Kairosoft try their hand at tennis management, with somewhat favourable results
Re-Skin to Win
Those who don’t know about Kairosoft will soon learn from their games that, as a developer, they have a habit of somehow getting away with releasing the same management-style simulator game over and over again, only essentially re-skinning for each release. It’s no different with Tennis Club Story, either, but this is a game that actually may interest some true tennis fans. Far from the back-and-forth action of your typical mobile tennis game, Tennis Club Story has you managing your own tennis club, built with your own two tappy fingers from the ground up. There’s training, resource/financial management, and stories of success to uncover here, and this review hopes to uncover the details.
Overview of the Action
Whether or not you’re actually a fan of Kairosoft’s massive collection of management simulation games, with their various styles based around the management theme, it’s difficult to deny that the developer have this style of game down to a tee, or a net as the case may be. The gameplay is focused around being at the helm of a tennis club that’s destined for success, provided you can attract the big tennis stars, get a load of tournaments going, win a load of said tournaments, and manage/generally tinker with your finances on a regular basis.
You won’t be engaging in full-on, 3D-rendered matches a la Virtua Tennis, or any first-person gameplay a la Out of Bounds, but the management, training, financial, and club-expansion aspects of the game are more than enough to keep any management-sim fan busy, as well as appealing in no small way to the more passionate fans of the sport through its technical tennis-training procedures. The act of managing a club and leading it to financial and professional success is immensely entertaining, and you even get to spend some time on the court with your freshly-created original character, too!
From Zero to Hero
The gameplay itself starts by naming your tennis club and also creating/customising your own so-called “original character”, who will be your main tennis star. Your character has stats that you can improve by making him or her engage in various training segments, which take the form of mini-games. In fact, it’s the first time that Kairosoft have included mini-games in their series so far, and they fit really well in the action, breaking up the otherwise numbers/management-based gameplay.
The bread and butter of your finances come from customers at the club. These customers get trained by your club’s players, and you can even watch them practising on the screen when you scroll over the courts of your tiny suburban club. It’s all about trying to keep the satisfaction of your customers topped up, which can be done by tapping on them when they’ve got an exclamation mark above them. The more they train and the better they get, the more money that your club will earn.
What I particularly enjoyed about the management aspect of the game is the level of detail the game goes into. You can even choose the coach that will be running the training at your club, as well as the kind of course that trainees will be following. Before you know it, your club will be scouted to take part in various events that are beneficial to it both financially and professionally.
Your tournament ranking is one of the many factors that quantifies your success. It begins at G, but soon rises to F and beyond the more you play. For example, you’re asked in the earlier stages to take part in a National Tennis Competition. No specific clubs or associations are mentioned – you won’t be getting a visit from officials from the Lawn Tennis Association, for example – but the point is that the more you play and the more you have your players/customers train, the more recognition and success you are likely to achieve.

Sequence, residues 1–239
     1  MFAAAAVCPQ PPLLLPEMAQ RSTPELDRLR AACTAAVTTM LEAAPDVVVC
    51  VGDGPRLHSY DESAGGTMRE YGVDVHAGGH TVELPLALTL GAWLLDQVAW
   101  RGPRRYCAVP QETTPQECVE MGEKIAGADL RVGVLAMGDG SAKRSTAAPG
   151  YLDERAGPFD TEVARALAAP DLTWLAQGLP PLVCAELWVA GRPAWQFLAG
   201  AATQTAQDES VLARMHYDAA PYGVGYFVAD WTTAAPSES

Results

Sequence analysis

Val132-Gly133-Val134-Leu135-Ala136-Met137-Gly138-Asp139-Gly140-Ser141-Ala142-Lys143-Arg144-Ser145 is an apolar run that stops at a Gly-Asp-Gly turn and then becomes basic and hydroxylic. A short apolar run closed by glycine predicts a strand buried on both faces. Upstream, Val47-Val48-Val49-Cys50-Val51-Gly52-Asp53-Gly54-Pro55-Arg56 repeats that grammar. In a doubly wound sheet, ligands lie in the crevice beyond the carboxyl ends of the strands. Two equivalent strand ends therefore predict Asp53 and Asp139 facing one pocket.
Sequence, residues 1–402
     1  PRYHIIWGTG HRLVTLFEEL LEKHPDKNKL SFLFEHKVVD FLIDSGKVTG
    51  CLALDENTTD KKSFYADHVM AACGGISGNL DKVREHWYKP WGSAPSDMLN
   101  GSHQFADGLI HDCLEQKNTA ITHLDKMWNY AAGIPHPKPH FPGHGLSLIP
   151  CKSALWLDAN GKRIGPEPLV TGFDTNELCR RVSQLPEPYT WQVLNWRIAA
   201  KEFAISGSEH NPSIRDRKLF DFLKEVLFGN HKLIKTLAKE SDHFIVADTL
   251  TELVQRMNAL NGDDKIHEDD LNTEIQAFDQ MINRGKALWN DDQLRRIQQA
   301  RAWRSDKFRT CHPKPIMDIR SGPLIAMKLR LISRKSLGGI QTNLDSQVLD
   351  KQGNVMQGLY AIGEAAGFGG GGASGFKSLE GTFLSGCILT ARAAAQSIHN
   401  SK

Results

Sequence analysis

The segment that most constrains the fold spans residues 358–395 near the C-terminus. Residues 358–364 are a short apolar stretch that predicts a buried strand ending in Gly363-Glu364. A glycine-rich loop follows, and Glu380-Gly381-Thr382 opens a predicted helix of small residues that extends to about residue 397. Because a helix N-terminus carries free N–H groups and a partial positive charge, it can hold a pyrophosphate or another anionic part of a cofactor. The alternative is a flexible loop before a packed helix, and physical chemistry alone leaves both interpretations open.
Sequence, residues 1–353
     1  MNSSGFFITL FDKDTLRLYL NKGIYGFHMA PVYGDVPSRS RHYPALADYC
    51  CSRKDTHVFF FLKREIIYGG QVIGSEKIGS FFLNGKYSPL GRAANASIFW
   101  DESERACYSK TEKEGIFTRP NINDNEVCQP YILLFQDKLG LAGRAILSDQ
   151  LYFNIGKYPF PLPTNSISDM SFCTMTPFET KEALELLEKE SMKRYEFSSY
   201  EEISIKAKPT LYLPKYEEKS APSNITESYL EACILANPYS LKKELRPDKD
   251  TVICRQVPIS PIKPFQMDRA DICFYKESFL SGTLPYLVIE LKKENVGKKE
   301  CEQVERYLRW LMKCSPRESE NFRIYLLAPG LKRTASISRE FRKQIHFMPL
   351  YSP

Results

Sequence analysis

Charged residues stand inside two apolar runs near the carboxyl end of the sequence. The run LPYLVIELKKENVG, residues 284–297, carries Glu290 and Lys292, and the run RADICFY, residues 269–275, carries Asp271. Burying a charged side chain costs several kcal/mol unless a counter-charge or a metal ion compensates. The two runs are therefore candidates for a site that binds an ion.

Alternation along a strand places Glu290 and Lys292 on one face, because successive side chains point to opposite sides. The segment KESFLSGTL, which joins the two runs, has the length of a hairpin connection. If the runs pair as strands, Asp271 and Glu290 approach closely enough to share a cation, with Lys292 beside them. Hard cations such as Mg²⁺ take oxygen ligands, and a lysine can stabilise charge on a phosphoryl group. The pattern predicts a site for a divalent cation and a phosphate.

Detail in Every Aspect
It’s quite amazing the level of detail seen in both the gameplay and the game’s graphics. Gameplay wise, in addition to the aforementioned managerial duties, you’ve also got mini-games where you will practise your skills and get to spend time on the court, testing out the various surfaces, each affecting how the ball bounces off them and therefore influencing each of the matches. It’s tiny details like these that really make the game.
The graphics are also wonderfully detailed. Rather than go for moderate realism, as in Grand Slam Tennis, Kairosoft have gone for the cutesy, 2D, purposely-pixelated design. It works really well, though the pixelated style doesn’t affect the detail of the on-court action – you can still see your tiny players bopping around with their rackets on the court, and your busy club still bustles with energy as you hover over it and take care of your management duties. The sound effect also provide extra detail and moderate realism to the action, though the generic music in the background does get a bit annoying, I have to admit.
Perhaps the most important aspect of the game, working hugely in its favour in contrast to most on the market today, is the fact that it’s a premium and not a freemium game. All too often, management games will be free to download yet either hassle you to hand over cash for upgrades and advantages, or simply make thing so slow and tiresome for free players that cash gets spent anyhow. Instead, Kairosoft have worked on making Tennis Club Story worth every single penny of the £3.88 that it costs.
So from managing your club’s finances to its customers’ satisfaction, through to morale, the coaches at your club, arranging tournaments, and rising to become the most notorious and successful tennis club in the world, Tennis Club Story really does have it all. This turned out to be not just as simple re-skin of Kairosoft’s other titles, but a tennis-based management game of unbridled success.